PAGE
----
As with Billy in the Lowlands, the filmmaking in The Dark End of the Street is basic, and the dialogue sometimes flat, particularly in the big speeches by the detective (Gustave Johnson) investigating Ethan’s death. But the pleasure of the movie is in the intimate world it etches out, not just the plot. In a less intimate movie, the race question would swell into big crowd scenes with angry project residents and police barricades, and Donna and Marlene’s friendship might get lost in the shuffle. Similarly, the scenes with Donna’s weary mom, who’s so well-played by Payton-Wright, wouldn’t make the cut, since they don’t often advance the central plot. Straddling the plot and the more observational scenes is Jimmy, the exotic truck driver and the mom’s boyfriend, played with flippant charisma by Lance Henriksen, who’d worked in Boston theater and later scored in such cool movies as Near Dark and Stone Cold (he's in the photo below, with Payton-Wright).
The Dark End of the Street doesn’t deliver a knockout the way bigger movies sometimes can, but it portrays the delicate balance of everyday life in ways most movies overlook. The world doesn’t change much over the course of its action. Life is just as much of a struggle for its characters as it was before, and the earthy characters (many played by non-professionals) remain in the same station in life. Since Hollywood was turning away from its uncharacteristic 1970s adventurousness, this and Egleson’s other Boston movies were a welcome departure from the crush of sequels, remakes and save-the-world escapism.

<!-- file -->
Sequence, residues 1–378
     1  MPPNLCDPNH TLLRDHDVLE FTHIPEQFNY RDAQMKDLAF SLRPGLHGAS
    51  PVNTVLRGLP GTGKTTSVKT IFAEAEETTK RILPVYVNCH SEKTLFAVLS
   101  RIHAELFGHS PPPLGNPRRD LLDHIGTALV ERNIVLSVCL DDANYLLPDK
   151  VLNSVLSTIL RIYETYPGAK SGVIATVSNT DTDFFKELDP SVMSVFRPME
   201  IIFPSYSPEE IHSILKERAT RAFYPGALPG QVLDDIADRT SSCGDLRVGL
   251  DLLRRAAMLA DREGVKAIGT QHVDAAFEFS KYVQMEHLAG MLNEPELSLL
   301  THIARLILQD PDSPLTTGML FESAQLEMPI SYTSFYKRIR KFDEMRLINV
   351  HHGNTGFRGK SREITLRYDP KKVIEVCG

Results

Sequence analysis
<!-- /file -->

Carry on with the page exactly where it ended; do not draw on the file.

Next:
Unlike the on-the-run plot of much of Billy in the Lowlands, The Dark End of the Street sticks closer to home: the most prominent Cambridge locations are where the characters live and work, including the Roosevelt Tower projects and Sexton Can (formerly in East Cambridge). The donut shop where Donna works is Linda’s, over the line in Belmont. We also see Flapper’s, a one-time club where Alewife Station now stands, as well as the old Howard Johnson’s off the expressway in South Bay and the Quincy quarries.
►Locations: Cambridge; Belmont; Dorchester, Boston; Quincy.
►Accents: Unlike most of the young cast, Laura Harrington is not from the projects. But the former B.U. student does a great job of blending in with her fellow actors. As with Billy in the Lowlands, the genuine accents are part of the deep credibility of the movie.
►Local color: With its plot in which characters try to get through their daily lives, the color is more class-based than geographical. Just about everything we see is related to work, home or play—where Billy and Donna work, where she lives, where they hang out. This is working-class life shown with no desire to glorify it or gloss up its bleakness. And considering that much of it is in East Cambridge before it changed from an industrial area to a high-tech area, this is working-class life from a specific time.
►Don’t blink!: Yup, that’s little Ben Affleck making his movie debut in the silent role of Donna’s brother Tommy.